The process of encryption typically involves the following steps:

  1. Select an appropriate encryption algorithm.
  2. Generate or obtain a secure encryption key.
  3. Apply the encryption algorithm and key to the plaintext to produce ciphertext.
  4. Transmit or store the ciphertext securely.


Decryption is the reverse process of encryption. It involves converting ciphertext back into its original plaintext form using the appropriate decryption algorithm and decryption key. Decryption ensures that only authorized individuals who possess the correct decryption key can retrieve and understand the original data.

Decryption Algorithm: A decryption algorithm is the counterpart to the encryption algorithm and performs the reverse operation. It takes the ciphertext and the decryption key as inputs and transforms the ciphertext back into plaintext.

Decryption Key: The decryption key is the secret value used by the decryption algorithm to reverse the encryption process and obtain the original plaintext. In symmetric encryption, the same key used for encryption is also used for decryption. In asymmetric encryption, the private key is used for decryption.

The process of decryption typically involves the following steps:

  1. Select the appropriate decryption algorithm corresponding to the encryption algorithm used.
  2. Obtain the correct decryption key.
  3. Apply the decryption algorithm and key to the ciphertext to obtain the original plaintext.
  4. Access and interpret the decrypted plaintext.

Encryption and decryption form the foundation of secure communication, data protection, and confidentiality in various applications, including secure messaging, online transactions, secure file storage, and more.


Types of Cryptography

There are two types of Cryptography present in Ethical hacking, which are as follows:

A) Symmetric Cryptography/ Secret Key Cryptography

A symmetric key, also known as a secret key or shared key, is a type of cryptographic key used in symmetric cryptography.

It is a single key that is used both for the encryption and decryption of data. In other words, the same key is employed for both the encoding and decoding processes.

The most popular Symmetric Ciphers are AES and DES.


The working of symmetric key encryption involves three main steps: key generation, encryption, and decryption. Let’s explore each step in detail:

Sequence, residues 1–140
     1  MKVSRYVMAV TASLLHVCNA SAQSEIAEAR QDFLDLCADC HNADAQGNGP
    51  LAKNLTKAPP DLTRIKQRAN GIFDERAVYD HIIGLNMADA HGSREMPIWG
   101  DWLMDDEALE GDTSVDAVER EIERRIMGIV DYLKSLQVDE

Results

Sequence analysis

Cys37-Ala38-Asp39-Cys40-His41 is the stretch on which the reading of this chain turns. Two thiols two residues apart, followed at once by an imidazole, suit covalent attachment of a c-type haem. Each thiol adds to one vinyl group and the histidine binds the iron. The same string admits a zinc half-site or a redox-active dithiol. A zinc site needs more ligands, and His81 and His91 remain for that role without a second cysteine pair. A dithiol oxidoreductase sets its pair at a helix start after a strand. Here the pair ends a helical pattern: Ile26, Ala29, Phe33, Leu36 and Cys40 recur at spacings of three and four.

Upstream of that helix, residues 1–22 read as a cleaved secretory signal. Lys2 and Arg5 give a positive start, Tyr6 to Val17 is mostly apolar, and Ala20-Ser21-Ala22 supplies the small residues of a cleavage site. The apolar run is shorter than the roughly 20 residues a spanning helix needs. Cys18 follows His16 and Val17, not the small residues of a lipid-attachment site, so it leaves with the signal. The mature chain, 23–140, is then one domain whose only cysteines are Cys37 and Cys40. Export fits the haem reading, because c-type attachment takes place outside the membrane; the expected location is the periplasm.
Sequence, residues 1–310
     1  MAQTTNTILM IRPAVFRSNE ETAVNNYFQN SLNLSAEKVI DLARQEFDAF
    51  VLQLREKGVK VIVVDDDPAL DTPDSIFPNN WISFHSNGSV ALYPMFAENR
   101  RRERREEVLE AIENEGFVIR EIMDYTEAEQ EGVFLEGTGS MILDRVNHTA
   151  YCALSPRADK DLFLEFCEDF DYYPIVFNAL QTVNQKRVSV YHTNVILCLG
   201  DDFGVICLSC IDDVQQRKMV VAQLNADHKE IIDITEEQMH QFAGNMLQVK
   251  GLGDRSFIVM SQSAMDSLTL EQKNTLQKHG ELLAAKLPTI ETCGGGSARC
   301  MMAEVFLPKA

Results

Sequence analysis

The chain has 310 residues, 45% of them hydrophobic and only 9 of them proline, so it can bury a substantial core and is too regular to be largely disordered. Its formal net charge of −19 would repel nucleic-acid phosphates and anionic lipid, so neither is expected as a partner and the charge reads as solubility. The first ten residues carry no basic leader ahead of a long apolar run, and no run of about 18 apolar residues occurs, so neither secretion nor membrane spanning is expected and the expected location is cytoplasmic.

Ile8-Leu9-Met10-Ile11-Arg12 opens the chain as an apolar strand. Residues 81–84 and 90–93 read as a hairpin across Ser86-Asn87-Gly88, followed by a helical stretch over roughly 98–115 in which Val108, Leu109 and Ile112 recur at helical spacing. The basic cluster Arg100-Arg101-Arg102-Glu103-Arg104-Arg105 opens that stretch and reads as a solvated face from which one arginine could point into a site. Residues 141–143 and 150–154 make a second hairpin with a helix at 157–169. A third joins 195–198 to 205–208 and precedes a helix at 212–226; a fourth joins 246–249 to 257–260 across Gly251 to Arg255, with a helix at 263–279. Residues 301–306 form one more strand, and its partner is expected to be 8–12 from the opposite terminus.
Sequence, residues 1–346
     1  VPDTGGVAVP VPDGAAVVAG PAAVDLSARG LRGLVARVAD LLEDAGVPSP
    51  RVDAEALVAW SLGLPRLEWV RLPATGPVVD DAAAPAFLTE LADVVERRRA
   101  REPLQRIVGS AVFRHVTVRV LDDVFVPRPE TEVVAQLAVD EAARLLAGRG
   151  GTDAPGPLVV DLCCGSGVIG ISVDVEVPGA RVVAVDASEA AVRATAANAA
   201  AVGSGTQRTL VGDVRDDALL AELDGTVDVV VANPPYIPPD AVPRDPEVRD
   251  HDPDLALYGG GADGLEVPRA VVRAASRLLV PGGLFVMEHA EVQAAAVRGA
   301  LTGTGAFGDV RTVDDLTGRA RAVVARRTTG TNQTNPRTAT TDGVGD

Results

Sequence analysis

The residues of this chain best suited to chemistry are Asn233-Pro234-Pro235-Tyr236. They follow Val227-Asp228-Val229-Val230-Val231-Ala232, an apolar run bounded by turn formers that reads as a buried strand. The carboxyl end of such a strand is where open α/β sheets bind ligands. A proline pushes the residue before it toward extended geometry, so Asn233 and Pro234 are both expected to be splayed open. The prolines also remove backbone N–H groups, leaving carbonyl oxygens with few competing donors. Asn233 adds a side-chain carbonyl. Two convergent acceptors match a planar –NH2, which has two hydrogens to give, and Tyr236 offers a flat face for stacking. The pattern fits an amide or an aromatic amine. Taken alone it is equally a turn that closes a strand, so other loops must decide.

1. Key Generation:
    • A symmetric encryption algorithm requires a secret key to perform encryption and decryption operations.
    • The key is typically generated using a random number generator or a key derivation function.
    • The length of the key depends on the specific algorithm being used and the desired level of security.
    • Once the key is generated, it needs to be securely shared between the communicating parties or securely stored for future use.
  2. Encryption:
    • The encryption process takes plaintext, which is the original data to be protected, and transforms it into ciphertext using the shared secret key.
    • The symmetric encryption algorithm divides the plaintext into fixed-size blocks and applies a series of mathematical operations to each block.
    • The algorithm uses the shared secret key to perform these operations, thereby scrambling the plaintext into an unintelligible form.
    • The result is the ciphertext, which represents the encrypted version of the original plaintext.
  3. Decryption:
    • The decryption process is the reverse of the encryption process.
    • It takes the ciphertext and the shared secret key as input and applies the inverse mathematical operations to each ciphertext block.
    • By using the same key that was used for encryption, the algorithm reverses the transformation, converting the ciphertext back into the original plaintext.
    • The decrypted plaintext represents the recovered version of the original data.

It’s important to note that both the encryption and decryption processes use the same shared secret key. This means that the key must be kept confidential and known only to the authorized parties involved in the communication.

To ensure the security of symmetric key encryption, several factors should be considered:

  • Key Distribution: The shared secret key should be securely shared between the communicating parties. This can be achieved through secure key exchange protocols, key management systems, or pre-shared keys.
  • Key Storage: The shared secret key must be stored securely to prevent unauthorized access. Proper key storage mechanisms should be implemented to protect the confidentiality of the key.
  • Key Refreshment: Symmetric keys should be periodically changed or refreshed to maintain security. Regularly updating the shared key mitigates the risk of compromise due to prolonged exposure or vulnerabilities.

Symmetric key encryption provides efficient and fast encryption and decryption operations, making it suitable for various applications that require secure data protection.